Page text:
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This project is defined primarily by two architectural ideas. First is the limit of its elevation to the height of the disused rail line, which serves as urban agriculture space for the community to produce food. The second idea is seen in the linear building formations with nodes of poche space at various points throughout. These nodes service non-poche space with circulation, storage, and private space such that the served spaces may morph in their program in order to satisfy the changing needs of the community over time.

These adaptive spaces include urban agriculture job training and general education for non-citizens as they begin their lives in this country. The project envisions a place where these people are supported and nurtured into as they enter a new society. It imagines that the organization running the project would provide a path for non-citizens to gain visas for lawful work.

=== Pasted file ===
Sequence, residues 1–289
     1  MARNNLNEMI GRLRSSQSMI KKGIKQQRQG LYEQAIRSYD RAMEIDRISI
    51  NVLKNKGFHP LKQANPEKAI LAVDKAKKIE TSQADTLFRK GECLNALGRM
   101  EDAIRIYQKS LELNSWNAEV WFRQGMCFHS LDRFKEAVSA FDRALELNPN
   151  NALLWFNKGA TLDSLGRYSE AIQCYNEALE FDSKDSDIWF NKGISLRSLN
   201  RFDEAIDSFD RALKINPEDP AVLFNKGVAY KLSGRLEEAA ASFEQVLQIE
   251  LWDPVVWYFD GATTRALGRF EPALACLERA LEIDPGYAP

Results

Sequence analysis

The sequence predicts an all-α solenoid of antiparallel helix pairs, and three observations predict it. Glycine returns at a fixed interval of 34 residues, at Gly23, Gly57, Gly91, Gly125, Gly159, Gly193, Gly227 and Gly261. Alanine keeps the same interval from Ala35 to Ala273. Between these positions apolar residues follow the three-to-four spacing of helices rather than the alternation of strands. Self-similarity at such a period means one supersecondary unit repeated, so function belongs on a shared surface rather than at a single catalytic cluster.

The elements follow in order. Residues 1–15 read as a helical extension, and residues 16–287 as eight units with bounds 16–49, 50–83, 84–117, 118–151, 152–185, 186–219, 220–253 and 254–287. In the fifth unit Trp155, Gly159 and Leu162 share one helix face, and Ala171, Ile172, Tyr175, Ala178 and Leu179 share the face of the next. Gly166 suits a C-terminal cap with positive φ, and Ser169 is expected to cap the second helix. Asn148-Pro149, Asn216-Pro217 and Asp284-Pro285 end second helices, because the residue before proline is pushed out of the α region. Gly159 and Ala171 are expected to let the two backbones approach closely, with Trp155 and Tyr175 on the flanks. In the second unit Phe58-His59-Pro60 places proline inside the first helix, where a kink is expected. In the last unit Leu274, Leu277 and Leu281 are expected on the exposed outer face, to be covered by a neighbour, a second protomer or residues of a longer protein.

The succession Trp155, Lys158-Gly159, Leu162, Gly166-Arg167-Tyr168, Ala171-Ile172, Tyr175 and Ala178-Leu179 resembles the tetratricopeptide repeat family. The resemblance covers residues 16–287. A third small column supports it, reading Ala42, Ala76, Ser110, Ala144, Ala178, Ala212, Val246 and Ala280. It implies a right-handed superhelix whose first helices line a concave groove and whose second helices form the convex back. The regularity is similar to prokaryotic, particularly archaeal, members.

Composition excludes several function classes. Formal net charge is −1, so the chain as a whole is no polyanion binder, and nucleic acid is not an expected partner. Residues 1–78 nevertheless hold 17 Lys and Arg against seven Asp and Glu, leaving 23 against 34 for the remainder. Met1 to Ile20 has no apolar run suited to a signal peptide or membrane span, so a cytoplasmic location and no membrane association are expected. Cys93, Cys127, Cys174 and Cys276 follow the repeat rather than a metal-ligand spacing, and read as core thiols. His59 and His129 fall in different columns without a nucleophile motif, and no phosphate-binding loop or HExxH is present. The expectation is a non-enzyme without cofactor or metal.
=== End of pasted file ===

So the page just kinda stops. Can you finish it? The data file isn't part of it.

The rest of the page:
On a larger scale, this project operates within the framework of the, “agora,” which plays two important roles in the history of civilization, both as a marketplace and as a public location of assembly. In this contemporary interpretation, the marketplace is not bound by monetary exchange but rather as an exchange of goods (food) and services. The program of public assembly becomes the educational and cultural facilities, providing both knowledge and community relations.